Drinks

The Reprinted Word

Cocktail Kingdom releases four new reprints of classic cocktail books
Photos: Tasting Table
Hoffman House Bartenders Guide

"Books are the backbone of everything we do," publisher and Cocktail Kingdom proprietor Greg Boehm says. And despite selling some of the best bar tools and glasses in the world, he's getting back to those building blocks.

Boehm met bartending legend Salvatore Calabrese, also known as "The Maestro," on a visit to London in the early 90s with his father, who published the work of Calabrese while at the helm of Sterling Publishing. The encounter sparked Boehm's interest in the bartending craft, and as publishing scions do, he began collecting old bar books and ephemera to memorialize his affection.

A decade later, as the legend of Calabrese and his American counterpart Dale DeGroff began to spread, there were still very few resources for most bartenders to learn about their craft. Writers such as Gary Regan, David Wondrich and Ted Haigh released recipe books researched from old bar guides to fill the void, but their work drove the value of the original texts into the stratosphere, making them impossible for most bartenders to afford—let alone find.

  • Charles H. Baker's South American Gentleman's Companion ($30)
    The follow-up to his first two-volume set, The Gentleman's Companion, Baker's South American Gentleman's Companion chronicles his experience travelling the world with his wealthy wife and eccentric, rich colleagues. Cocktail Kingdom's edition omits the volume on cuisine but includes the handsome slipcase.

  • Jerry Thomas's The Bartender's Guide ($30)
    After selling through the first printing of the first professional bartender's guide ever printed, David Wondrich, who wrote the biography of Jerry Thomas (Imbibe), added new material to the book's appendix, and Boehm bound it with the first cover. The former posted a $2 price tag, and the new one includes the original $1.50 pricing.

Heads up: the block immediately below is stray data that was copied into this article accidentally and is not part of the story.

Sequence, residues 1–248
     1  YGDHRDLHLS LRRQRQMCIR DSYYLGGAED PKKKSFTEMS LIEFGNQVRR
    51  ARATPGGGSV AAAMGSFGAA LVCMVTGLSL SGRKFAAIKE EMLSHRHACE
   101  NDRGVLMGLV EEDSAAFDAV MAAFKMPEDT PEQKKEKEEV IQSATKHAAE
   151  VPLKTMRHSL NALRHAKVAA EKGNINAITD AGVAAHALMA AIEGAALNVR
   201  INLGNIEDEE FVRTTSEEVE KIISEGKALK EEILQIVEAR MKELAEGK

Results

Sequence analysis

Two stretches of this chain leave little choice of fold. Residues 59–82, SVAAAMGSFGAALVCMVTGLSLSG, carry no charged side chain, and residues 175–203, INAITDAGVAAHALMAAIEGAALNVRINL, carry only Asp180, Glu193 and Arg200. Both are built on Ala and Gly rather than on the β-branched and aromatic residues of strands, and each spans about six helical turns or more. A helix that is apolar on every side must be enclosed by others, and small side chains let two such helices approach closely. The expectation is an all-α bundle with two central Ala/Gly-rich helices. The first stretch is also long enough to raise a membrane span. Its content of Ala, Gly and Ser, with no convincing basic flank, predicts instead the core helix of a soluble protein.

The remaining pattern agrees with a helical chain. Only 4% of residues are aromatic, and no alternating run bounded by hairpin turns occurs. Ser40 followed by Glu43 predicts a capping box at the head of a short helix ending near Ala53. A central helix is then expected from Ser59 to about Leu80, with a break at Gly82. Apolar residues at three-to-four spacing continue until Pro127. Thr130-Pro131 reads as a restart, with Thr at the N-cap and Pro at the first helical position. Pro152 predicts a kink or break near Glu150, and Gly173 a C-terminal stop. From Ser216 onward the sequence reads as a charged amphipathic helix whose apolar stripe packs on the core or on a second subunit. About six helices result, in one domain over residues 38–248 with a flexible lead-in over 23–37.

• Charles Mahoney's Hoffman House Bartender's Guide ($25)
    More than any other bar guide, the detailed information about operations and management are what distinguishes this book from other recipe-focused collections. The Hoffman House was famed for its lavishness, and, thankfully, the book includes more photographs documenting it than any other book of this time.

  • Tom Bullock's The Ideal Bartender ($25) 
    Bullock was so highly regarded for the quality of his drinks, which he prepared for multiple presidents in luxurious clubs and hotels, that he was afforded the opportunity to pen a cocktail book. Aside from being one of the last published before Prohibition, it's significant to note that as an African American working in the South, he would have faced numerous barriers to achieving the level of fame he garnered.

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With a void to fill, Boehm put his growing collection to work. By the early 2000s, he owned hundreds of rare bar books and was the proprietor of a publishing company called Mud Puddle, which specialized in book packaging that makes old bar guides look like a welcome distraction. In 2008, he released a handful of canonical texts including Harry MacElhone's Barflies and Cocktails, C.F. Lawlor's The Mixicologist, Harry Johnson's Bartenders' Manual and David Embury's Fine Art of Mixing Drinks.

In response to all the customers who asked him about bar tools (which were also scarce), he formed Cocktail Kingdom and began importing them from all over the world. In 2010, Boehm translated Japanese barman Kazuo Uyeda's book, Cocktail Technique, into English and flew the author to New York to hold a seminar on his famed shaking style. Bar tool sales, especially those favored by Japanese barmen like Uyeda, quickly eclipsed books as YouTube became the trade's go-to for information.

Nowadays, Cocktail Kingdom manufactures its own line of bar and glassware, which take cues from vintage pieces and the very best of the international lines it used to import. Despite books being only around 10 percent of the company's revenue, Greg has decided to go back the business's roots.

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So in the last few months, he's reprinted four books any cocktail enthusiast can appreciate. Aside from the intrinsic beauty of the books from a production standpoint, each one provides a detailed snapshot of bygone eras behind the bar: Charles H. Baker's South American Gentleman's Companion with an introduction by Fort Defiance's St. John Frizell, an updated edition of Jerry Thomas's first Bartender's Guide with an introduction by cocktail historian David Wondrich, Charles Mahoney's Hoffman House Bartender's Guide with an introduction by yours truly, and Tom Bullock's The Ideal Bartender with an introduction by international rum ambassador Ian Burrell. More about each book here.

Despite playing a supporting role to bar and glassware these days, I'd argue the enduring quality of these talismans makes them the most valuable tools Cocktail Kingdom peddles.

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